Inform your employees of your redundancy process using this policy. This redundancy policy explains to employees how redundancy decisions are to be made, and summarises their statutory rights. A redundancy policy assures employees that the employer will maintain good communication and consultation during the redundancy process. Employers should follow this procedure to help them make lawful redundancies.

    Use this redundancy policy

    • to help managers communicate clearly with all employees affected by a proposed redundancy exercise and ensure that those employees are treated fairly, reasonably and without discrimination throughout the process
    • as a guide of ways to avoid compulsory redundancies
    • to remind managers of consultation obligations during the redundancy process
    • only for employees based in England and Wales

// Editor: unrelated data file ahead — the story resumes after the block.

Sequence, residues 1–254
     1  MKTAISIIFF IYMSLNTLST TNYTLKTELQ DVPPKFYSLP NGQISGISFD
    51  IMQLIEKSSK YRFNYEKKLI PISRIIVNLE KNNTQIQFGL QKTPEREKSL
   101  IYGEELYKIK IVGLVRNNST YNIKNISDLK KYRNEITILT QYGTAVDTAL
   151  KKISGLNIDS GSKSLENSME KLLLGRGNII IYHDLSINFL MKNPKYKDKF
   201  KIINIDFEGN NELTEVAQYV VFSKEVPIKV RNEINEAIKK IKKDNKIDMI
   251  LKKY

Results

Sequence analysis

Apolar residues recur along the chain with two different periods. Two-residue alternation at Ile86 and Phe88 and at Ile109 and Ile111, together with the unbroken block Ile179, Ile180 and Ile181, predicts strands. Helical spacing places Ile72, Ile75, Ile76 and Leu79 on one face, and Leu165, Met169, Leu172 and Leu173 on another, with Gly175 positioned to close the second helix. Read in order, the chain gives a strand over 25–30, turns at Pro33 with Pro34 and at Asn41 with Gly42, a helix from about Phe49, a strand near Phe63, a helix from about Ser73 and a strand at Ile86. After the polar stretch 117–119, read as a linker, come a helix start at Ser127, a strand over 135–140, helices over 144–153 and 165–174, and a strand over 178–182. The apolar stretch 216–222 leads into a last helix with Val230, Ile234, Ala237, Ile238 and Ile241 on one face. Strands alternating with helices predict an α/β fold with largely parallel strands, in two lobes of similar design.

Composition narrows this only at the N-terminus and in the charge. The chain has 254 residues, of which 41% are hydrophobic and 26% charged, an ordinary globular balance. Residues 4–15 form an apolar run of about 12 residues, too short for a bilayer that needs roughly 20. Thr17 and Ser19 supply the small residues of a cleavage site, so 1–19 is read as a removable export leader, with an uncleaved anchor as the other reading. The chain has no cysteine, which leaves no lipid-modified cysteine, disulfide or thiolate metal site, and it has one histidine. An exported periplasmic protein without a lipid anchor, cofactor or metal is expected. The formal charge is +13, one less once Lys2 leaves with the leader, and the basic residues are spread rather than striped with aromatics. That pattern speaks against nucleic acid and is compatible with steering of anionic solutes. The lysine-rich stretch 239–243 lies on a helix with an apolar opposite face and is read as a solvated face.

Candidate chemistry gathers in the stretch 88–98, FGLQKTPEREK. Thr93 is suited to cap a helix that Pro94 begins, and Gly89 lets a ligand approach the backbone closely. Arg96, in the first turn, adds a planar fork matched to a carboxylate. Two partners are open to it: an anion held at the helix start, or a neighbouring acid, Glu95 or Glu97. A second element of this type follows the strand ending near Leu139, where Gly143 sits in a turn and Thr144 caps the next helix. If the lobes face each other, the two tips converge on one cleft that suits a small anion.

This redundancy policy covers

    • the purpose of the redundancy policy
    • consultation obligations and how they will be dealt with
    • explanation of the selection criteria and process
    • redeployment
    • dismissal by reason of redundancy

    What is a redundancy policy?

    A redundancy policy is a document that sets out the procedure to follow within a business when making staff redundant. It details each step of the redundancy process and outlines the statutory entitlements for redundant staff.

    Why do I need a redundancy policy?

    Whether you are running a small or large business, the redundancy process needs to be dealt with fairly and consistently. A carefully written redundancy policy ensures staff are aware of their rights when being made redundant, and avoids risks of unfair dismissal claims further down the line. It shows management is concerned about employeesÂ’ welfare and employment security.

    Who should a redundancy policy apply to?

    A redundancy policy should only apply to employees who are under an employment contract. This means it does not apply to contractors or workers.

    What process should be followed when making someone redundant?

    The redundancy policy lays out the steps of the redundancy process, including: